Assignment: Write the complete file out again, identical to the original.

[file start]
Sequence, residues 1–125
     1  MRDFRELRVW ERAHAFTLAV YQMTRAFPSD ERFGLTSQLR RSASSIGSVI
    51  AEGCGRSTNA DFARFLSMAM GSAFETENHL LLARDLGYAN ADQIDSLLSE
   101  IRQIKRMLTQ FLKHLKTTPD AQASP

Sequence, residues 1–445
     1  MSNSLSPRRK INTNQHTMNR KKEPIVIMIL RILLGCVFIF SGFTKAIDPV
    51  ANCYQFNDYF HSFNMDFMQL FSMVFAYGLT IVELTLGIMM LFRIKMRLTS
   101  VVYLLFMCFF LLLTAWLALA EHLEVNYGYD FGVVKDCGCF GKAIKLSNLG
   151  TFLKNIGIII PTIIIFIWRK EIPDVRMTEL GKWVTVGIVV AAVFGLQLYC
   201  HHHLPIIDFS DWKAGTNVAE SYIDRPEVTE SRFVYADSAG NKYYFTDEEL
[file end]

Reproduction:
Sequence, residues 1–125
     1  MRDFRELRVW ERAHAFTLAV YQMTRAFPSD ERFGLTSQLR RSASSIGSVI
    51  AEGCGRSTNA DFARFLSMAM GSAFETENHL LLARDLGYAN ADQIDSLLSE
   101  IRQIKRMLTQ FLKHLKTTPD AQASP

Sequence, residues 1–445
     1  MSNSLSPRRK INTNQHTMNR KKEPIVIMIL RILLGCVFIF SGFTKAIDPV
    51  ANCYQFNDYF HSFNMDFMQL FSMVFAYGLT IVELTLGIMM LFRIKMRLTS
   101  VVYLLFMCFF LLLTAWLALA EHLEVNYGYD FGVVKDCGCF GKAIKLSNLG
   151  TFLKNIGIII PTIIIFIWRK EIPDVRMTEL GKWVTVGIVV AAVFGLQLYC
   201  HHHLPIIDFS DWKAGTNVAE SYIDRPEVTE SRFVYADSAG NKYYFTDEEL